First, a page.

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First thing to do is to check all the fuses.
Since Saturn is/was made by GM, the ABS/TRAC systems are basically the same. GM system.
The Traction Control and Anti lock brake systems are linked together on this vehicle. The system is complex, quite advanced, and very precise. But, since it is so precise, this problem is rather common on this vehicle and the diagnostic process is not all that simple if no code is stored.
The Anti lock Brake and Traction Control computer (ABS/TRAC Module) reads all 4 wheel speed sensor readings. If the module notices that one wheel is spinning faster than the rest, it will apply brake pressure to that wheel to slow it down and a message will appear on the driver information center. If the Module notices that a wheel is spinning slower than the rest, it will release brake pressure to that wheel to keep it from skidding.
The WHEEL SPEED sensors are quite simple. They consist of a magnet and 2 wires. A tone ring is used as a rotating device attached to each wheel hub. As the tone ring rotates next to the magnet, an A/C voltage is induced. The faster the wheel rotates, the faster the tone ring rotates past the magnetic sensor, the higher the A/C voltage.
These sensors are common to fail intermittently sending a higher or lower voltage to the module. The module then believes that a wheel is spinning faster or slower than it actually is. As a result, the ABS/TRAC Module performs its duties and releases or applies brake pressure to the corresponding wheel. In some cases it is common for the vehicle to lose power and even stall due to the brake pressure applied to the wheels, especially the front drive wheels.
Since the Module simply sees a higher voltage or lower voltage, it assumes that the wheel(s) have spun or locked up as normal driving characteristics. Therefore, a diagnostic trouble code is often not set by the Module since the condition is assumed to be not a failure but a normal operational characteristic. In my opinion, the system could have been better designed with better software in the Module. But, that's GM for you...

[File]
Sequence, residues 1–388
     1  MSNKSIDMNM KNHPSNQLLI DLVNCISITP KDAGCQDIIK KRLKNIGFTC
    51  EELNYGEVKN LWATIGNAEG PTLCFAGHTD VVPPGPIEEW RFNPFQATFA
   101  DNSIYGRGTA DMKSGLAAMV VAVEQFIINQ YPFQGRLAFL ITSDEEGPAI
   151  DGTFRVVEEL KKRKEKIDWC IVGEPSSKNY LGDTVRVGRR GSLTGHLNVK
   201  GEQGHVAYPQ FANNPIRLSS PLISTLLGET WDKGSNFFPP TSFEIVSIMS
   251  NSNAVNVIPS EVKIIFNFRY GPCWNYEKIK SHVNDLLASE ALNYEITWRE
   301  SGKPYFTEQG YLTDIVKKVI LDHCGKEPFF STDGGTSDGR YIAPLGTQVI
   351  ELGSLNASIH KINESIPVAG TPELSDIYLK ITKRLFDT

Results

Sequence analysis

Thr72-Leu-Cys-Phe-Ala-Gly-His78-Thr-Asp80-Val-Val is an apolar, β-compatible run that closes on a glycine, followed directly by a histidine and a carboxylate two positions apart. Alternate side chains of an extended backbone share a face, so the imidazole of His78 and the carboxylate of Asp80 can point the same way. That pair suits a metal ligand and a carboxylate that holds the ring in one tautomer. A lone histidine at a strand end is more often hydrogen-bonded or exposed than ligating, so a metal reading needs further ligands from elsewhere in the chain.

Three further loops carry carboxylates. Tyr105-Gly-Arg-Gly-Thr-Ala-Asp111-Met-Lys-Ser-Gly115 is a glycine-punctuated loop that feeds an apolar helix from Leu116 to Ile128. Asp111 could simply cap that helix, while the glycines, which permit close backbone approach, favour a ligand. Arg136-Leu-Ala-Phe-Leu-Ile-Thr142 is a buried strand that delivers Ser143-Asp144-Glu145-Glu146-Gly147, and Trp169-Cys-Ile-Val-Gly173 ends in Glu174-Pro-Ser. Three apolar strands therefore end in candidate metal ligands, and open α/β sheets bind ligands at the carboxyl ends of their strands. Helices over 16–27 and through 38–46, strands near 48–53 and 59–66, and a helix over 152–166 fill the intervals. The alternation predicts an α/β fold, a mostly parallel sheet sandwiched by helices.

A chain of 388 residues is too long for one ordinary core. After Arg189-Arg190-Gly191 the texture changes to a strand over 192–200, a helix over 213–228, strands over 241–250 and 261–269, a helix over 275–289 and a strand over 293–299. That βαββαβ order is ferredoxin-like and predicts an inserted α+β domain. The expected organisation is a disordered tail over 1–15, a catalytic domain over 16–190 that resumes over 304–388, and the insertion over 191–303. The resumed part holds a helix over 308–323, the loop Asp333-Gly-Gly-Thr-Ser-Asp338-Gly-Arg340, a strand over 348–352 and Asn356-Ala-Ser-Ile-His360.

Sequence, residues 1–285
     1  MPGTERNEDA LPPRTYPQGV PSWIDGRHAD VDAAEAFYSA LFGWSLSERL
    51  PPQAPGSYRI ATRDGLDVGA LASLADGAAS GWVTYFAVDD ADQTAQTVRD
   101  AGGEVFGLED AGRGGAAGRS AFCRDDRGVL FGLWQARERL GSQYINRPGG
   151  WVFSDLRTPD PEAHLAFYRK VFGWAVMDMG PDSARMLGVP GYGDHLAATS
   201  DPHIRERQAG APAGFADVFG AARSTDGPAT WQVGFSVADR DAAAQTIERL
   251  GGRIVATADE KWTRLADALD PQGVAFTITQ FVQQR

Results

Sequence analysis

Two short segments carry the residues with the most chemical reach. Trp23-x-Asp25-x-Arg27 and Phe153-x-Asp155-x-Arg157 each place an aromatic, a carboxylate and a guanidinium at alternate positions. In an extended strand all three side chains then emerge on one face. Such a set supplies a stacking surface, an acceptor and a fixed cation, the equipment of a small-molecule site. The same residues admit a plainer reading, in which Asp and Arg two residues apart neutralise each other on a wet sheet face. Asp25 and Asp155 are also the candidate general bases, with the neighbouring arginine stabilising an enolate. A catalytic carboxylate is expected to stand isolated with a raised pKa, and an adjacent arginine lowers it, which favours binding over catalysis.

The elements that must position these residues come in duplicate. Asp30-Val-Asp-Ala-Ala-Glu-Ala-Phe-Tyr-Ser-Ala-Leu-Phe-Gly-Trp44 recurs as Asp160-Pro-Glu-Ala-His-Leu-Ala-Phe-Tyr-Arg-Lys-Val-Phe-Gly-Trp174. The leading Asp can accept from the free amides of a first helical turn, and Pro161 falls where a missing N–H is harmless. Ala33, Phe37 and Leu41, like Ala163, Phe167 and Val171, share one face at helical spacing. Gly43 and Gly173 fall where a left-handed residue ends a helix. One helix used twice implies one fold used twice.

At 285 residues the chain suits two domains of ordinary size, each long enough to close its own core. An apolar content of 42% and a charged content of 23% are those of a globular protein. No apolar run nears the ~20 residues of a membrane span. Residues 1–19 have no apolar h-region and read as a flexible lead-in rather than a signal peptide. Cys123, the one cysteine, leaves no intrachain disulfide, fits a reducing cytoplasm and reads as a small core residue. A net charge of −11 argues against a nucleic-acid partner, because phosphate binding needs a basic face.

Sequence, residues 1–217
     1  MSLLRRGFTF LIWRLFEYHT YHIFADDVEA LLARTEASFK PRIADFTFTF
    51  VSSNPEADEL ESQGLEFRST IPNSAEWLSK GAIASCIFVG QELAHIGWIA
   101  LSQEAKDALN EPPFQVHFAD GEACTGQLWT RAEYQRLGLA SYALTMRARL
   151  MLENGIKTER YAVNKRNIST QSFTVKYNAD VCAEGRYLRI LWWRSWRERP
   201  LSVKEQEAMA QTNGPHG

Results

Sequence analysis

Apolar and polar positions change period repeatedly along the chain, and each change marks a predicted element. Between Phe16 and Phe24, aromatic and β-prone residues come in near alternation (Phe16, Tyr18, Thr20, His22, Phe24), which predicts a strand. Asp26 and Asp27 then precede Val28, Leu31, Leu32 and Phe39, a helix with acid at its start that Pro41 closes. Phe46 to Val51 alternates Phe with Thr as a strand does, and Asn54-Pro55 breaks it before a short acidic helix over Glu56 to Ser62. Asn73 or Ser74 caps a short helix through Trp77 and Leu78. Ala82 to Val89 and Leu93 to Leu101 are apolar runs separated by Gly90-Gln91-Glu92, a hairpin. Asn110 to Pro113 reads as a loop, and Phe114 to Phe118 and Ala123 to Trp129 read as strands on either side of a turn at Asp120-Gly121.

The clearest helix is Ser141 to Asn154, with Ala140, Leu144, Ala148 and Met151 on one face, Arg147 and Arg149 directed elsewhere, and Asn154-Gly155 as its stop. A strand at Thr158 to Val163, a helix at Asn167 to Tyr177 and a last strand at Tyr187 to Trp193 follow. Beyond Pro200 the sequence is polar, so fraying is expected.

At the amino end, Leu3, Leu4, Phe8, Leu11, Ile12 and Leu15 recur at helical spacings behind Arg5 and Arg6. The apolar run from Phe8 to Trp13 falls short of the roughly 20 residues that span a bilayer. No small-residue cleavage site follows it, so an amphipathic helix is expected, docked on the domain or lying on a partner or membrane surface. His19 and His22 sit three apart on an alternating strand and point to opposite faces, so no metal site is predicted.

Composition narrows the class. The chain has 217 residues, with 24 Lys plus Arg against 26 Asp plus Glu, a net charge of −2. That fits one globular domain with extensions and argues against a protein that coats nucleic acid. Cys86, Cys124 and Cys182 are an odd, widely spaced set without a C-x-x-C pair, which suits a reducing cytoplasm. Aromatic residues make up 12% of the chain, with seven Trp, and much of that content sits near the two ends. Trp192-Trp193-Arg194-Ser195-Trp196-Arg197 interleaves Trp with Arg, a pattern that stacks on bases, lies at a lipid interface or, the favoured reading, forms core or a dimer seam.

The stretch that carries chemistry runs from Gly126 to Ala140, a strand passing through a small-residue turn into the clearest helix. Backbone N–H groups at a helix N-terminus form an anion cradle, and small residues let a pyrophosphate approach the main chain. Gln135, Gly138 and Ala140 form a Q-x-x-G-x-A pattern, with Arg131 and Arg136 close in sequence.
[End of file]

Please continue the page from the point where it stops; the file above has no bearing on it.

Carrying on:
Now, for diagnosing the problem...
The easiest was is with a scan tool which has the capabilities to access the live data from the ABS/TRAC Module. You set up the 4 wheel speed sensors on the scan tool screen in graph form. When the problem occurs, a speed sensor reading will spike up or down depending on the failure type. You have now found the affected wheel.
The other way is to use an oscilloscope with 2 or (better) 4 channels. By hooking up the scope to the sensors, you can see the A/C voltage pattern on the screen. When the sensor acts up, it will be clear as the clean waveform of an A/C voltage pattern will turn spiky or drop out.
The third way will be trickier and will require at least one volt meter and an assistant. You hook up the volt meter or volt meters to the sensor(s) and set the voltage reading to A/C voltage. While driving the vehicle, when the problem occurs you will notice that the voltage will spike or drop out for the faulty sensor. But, if you only have one volt meter, you will repeat and duplicate the process up to 4 times to pinpoint the faulty sensor.
Once you find which wheel is affected, CLOSELY inspect the connections and the wiring from the sensor to the Module. If the wiring looks good, replace the sensor.